Skip to main content


Current BMB Student Handbook

In the first year of the program, students typically enroll in semester- long courses providing intense instruction in Biochemistry, Cell Biology, Molecular Biology, Genetics and Advanced Biochemistry of Macromolecules. In addition, students participate in the Department of Biochemistry and Biophysics' Student Seminar series, in which every graduate student in the program delivers an annual seminar on his/her research (First-year students excepted). Also during the first two semesters, students complete three laboratory rotations (see below). Coursework in the second year typically involves 1 additional elective course, allowing students to specialize in their respective discipline.

Ph.D. Program Requirements

Core Curriculum

  • BCH 412 – Adv topics In Bio Macromlcls (5.0 credits)
  • BCH 501 – Biochemistry Seminar (1.0 credit)
  • BCH 502 – Biochemistry Seminar (1.0 credit)
  • BCH 595 – Phd Research (variable credits)
  • IND 408 – Advanced Biochemistry (4.0 credits)
  • IND 431 Foundations in Modern Biology I (5 credits)
  • IND 432 Foundations in Modern Biology II (5 credits)
  • IND 501 – Ethics & Prof Integrity in Research (1.0 credit)

Elective Courses

Electives provide students with additional breadth and depth in subjects important for their individual research areas. These courses are offered through the Basic Science Departments in the School of Medicine, as well as in the Departments of Biology and Chemistry in the College of Arts and Sciences.

Suggested Electives

Fall Semester

  • BCH 515 (1)                Critical Thinking in Research Science
  • BCH 517 (1)                Topics in Cellular, Biochemical and Molecular Sciences
  • BCH 521 (4)                Bioinformatics for Life Scientists
  • BIO 422 (4)                  Biology of Aging         
  • BIO 426 (4)                  Developmental Biology
  • BST 463 (3)                 Introduction to Biostatistics
  • BST 464 (4)                 Applied Linear Regression
  • CHM 411(4)                 Inorganic Chemistry I
  • CHM 415 (2)               Group Theory
  • CHM 423(2)                NMR Spectroscopy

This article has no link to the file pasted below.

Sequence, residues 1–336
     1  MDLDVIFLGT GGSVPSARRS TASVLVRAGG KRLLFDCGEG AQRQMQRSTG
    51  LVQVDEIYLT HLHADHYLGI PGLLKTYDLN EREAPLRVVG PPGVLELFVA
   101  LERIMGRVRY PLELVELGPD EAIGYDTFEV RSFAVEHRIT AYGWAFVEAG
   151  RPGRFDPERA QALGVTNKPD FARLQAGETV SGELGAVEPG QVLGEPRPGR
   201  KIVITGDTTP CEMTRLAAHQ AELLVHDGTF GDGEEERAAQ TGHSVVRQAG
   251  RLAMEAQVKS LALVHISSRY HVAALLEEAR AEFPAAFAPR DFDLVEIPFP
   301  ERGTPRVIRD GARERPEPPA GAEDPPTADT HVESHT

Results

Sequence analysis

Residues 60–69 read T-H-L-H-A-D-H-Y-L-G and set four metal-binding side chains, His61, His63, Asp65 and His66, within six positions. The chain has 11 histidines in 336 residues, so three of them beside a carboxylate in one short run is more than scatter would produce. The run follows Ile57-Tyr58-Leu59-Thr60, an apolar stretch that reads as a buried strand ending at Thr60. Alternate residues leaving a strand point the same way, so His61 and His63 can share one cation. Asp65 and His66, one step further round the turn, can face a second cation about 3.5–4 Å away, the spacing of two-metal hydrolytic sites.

• MBI 473 (3)                 Immunology
  • PHP 403 (4)                Human Cell Physiology
  • PTH 507 (3)                Cancer Biology

 Spring Semester

BIO 415 (4)                  Molecular Biology of Cell Signaling

BIO 453 (4)                  Computational Biology

BPH 411 (2)                 Methods in Structural Biology

BPH 509 (2)                 Molecular Biophysics

CHM 440 (4)                Bio Organic Chemistry

GEN 507(4)                 Advanced Genetics & Genomics

IND 419 (3)                 Introduction to Quantitative Biology

IND 443 (4)                 Eukaryotic Gene Regulations               

IND 447 (4)                 Signal Transduction

MBI 456 (4)                 General Virology

MBI 421(3)                  Microbial Genetics & Physiology

PHP 404 (4)                Principles of Pharmacology

Additional Requirements

Student Laboratory Rotations

Rotations in the first year of study in three different laboratories allow the students to gain experience with methodology and instrumentation, and to become familiar with prospective research advisors for their thesis project. At the end of the first year, students choose a permanent advisor and embark on a Ph.D. thesis research program. Students may choose any  faculty member in the School of Medicine and Dentistry or a participating faculty member in the College of Arts and Sciences as their research advisor.

Teaching Assistantship

A one-semester Teaching Assistantship is required. Students usually complete this requirement in the second year of study.

Student Research Seminars

The Student Seminar Series is designed to develop the organizational and speaking skills necessary for an independent career in research and to facilitate exchange of research information within the program.

Qualifying Examination

A Qualifying Examination at the end of the second year of studies is a means of determining the potential of the student for independent thought, experimental acumen, comprehension of the general field, and potential for exploiting a relevant problem in a scientifically sound manner. The M.S. degree is awarded upon successful completion of this examination.


At the end of the first year, students choose a permanent advisor and embark on a Ph.D. thesis research program. The Ph.D. is awarded based on development of an Independent Thesis Research Project as well as a written dissertation describing the rationale, methodology, results, conclusions and significance of the project and an oral examination.